Monday 7 June 2021


There are 17 ‘waza’ or techniques in the first two Heian Kata, which as you will know were reversed in order by Funakoshi Gichin Sensei. Asai Sensei, Nakamura Sensei, Osaka Sensei et al., have explained to me about ‘the switch of order’; and accordingly, I thought I’d share a little bit about this today. First note below, there are eight ukewaza (receptions); four tsukiwaza (thrusts); three uchiwaza (strikes); and two keriwaza (kicks). I will leave stances and footwork for today to make things clear. But firstly though, look at these WAZA… The brackets are used in the case of double techniques; thus, separating the categories in order to accurate each technique.



1.     Gedan-barai

2.     Jodan age-uke

3.     Chudan shuto-uke

4.     Haiwan sokumen jodan yoko-uke (doji ni zenwan hitai mae yoko-kamae)

5.     Jodan sotonagashi-uke (doji ni kentsui sokumen sotomawashi-uchi)

6.     Sasho chudan osae-uke (doji ni chudan tateshihon-nukite)

7.     Chudan uchi-uke: Gyaku-hanmi

8.     Chudan morote-zuki



1.     Chudan oi-zuki

2.     Sokumen chudan-zuki

3.     (Sasho chudan osae-uke doji ni) Chudan tateshihon-nukite

4.     Chudan gyaku-zuki



1.     Kentsui tatemawashi-uchi

2.     (Jodan sotonagashi-uke doji ni) Kentsui sokumen sotomawashi-uchi

3.     Uraken jodan yokomawashi-uchi (doji ni sokuto chudan yoko-geri keage)



1.     (Uraken jodan yokomawashi-uchi doji ni) Sokuto chudan yoko-geri keage

2.     Chudan mae-geri keage



Of course, I could have written further and completed the whole Heian series and perhaps Tekki Shodan also (to analyze all six ‘standard’ SHITEI-GATA; nonetheless, that would be less effective in explaining you what I am trying to clarify.


My point is, these 17 initial waza are what Itosu Sensei really stressed at the start of training for young people. So what? Based on this, you can see that these kihonwaza are very easy to apply and are highly effective in self-defense.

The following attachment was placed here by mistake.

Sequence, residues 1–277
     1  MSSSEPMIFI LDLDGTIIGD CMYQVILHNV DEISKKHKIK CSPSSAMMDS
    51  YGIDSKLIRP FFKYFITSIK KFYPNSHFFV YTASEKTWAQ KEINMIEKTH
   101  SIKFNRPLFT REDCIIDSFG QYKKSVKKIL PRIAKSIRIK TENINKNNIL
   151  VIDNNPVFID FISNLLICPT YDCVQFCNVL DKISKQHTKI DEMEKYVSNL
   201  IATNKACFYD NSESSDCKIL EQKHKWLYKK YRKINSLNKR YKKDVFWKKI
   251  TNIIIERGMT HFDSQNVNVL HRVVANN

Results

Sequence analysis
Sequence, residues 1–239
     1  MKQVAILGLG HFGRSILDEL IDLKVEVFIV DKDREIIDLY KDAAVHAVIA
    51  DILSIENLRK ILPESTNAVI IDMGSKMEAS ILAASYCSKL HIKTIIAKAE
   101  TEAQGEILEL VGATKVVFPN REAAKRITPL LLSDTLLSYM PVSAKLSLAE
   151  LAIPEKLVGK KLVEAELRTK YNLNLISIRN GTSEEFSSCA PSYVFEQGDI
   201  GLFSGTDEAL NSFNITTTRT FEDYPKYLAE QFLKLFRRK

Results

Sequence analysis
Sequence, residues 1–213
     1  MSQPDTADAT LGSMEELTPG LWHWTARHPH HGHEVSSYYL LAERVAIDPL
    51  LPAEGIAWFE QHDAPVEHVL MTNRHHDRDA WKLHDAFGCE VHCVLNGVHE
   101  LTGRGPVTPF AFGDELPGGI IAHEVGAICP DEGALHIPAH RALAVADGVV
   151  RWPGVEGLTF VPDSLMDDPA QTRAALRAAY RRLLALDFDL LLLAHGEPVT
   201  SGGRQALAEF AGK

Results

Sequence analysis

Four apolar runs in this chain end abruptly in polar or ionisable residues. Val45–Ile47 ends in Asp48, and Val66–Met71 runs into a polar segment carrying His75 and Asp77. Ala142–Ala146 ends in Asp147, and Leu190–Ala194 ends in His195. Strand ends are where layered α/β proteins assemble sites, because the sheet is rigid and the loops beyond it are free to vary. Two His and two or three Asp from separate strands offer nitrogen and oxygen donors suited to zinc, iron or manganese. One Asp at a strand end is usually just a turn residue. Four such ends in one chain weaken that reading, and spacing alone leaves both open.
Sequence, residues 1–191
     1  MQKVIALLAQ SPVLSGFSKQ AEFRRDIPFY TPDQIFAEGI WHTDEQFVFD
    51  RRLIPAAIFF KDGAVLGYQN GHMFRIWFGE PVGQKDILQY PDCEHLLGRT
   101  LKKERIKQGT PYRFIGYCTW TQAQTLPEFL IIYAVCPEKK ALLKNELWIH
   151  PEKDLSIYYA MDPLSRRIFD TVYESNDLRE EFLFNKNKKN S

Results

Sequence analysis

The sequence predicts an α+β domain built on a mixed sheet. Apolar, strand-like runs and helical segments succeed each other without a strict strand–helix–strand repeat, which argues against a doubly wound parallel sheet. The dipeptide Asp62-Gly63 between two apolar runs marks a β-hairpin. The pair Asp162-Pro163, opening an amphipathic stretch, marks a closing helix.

This naturally brings me to Itosu Sensei’s student, the founder of what is now known as 松濤館流 (SHOTOKAN-RYU): Funakoshi Gichin Sensei. Yes, he changed the order Pinan Shodan and Nidan, and significantly modified these kata technically. But still, for the most part, they remained same formal exercises… But…


HE MADE THESE KIHON-GATA FAR BETTER! MORE ECONOMICAL FOR APPLICATION IN SELF-DEFENSE than what his teacher taught! Yes, he improved his teacher’s karate. Not only improved, but the made the Shotokan ‘Heian Kata’ superior.


Some may contest that his modifications were to ‘sportify’; however, this assumption is false as Funakoshi Sensei was actually against ‘competition karate’. For him, on a technical level, karate was a martial art for self-defense. Moreover, only to be used in the most dangerous circumstances. This theme can be found throughout his publications. Accordingly, the modifications to the kata were improvements for increased effectiveness in this regard.


With this in mind, Funakoshi Sensei also changed the kata to increase difficulty; thus, also increase effectiveness in application when one utilizes more natural movements. This is why Shotokan kata is particularly disadvantaged in competition nowadays. The stances are more for training the body, balance, and so forth; thus, great for those focused on kata for fighting—but not advantageous for those wanting to ‘perform precisely’ in competition. This is why Shotokan Kata, when done properly looks like a fight. Examples, Osaka Sensei’s Sochin (actually, let’s face it, almost every kata); Kagawa Masao Sensei’s Bassai-Dai, Bassai Sho and Sochin; Yahara Sensei’s Bassai-Dai, Kanku-Sho, Unsu; Asai Sensei’s Nijushiho, Tekki Nidan, Kakuyoku, Hushu, etcetera.


And while I never feel I can be as good as the aforementioned senpai (seniors) I remain inspired by their skill: and this helps to drive me forward in my own training.


I haven’t detailed why I didn’t explain the waza in the first two Heian kata for ‘real fight application’. However, I don’t need to for anyone who is an experienced street fighter, or full contact fighter. They understand. Low kick, high tsuki/uchi, choke and break.


Furthermore, within these limited waza there are a vast array of standing grappling waza and, yes, newaza (ground fighting techniques) encrypted as well.


In sum, when Shotokan is practiced properly, as BUJUTSU, it is second to none. Unfortunately, the overemphasis of winning competitions has resulted the dilution of effectiveness: especially in regard to development of destructive fundamental techniques.


© André Bertel. Oita City, Japan (2021).

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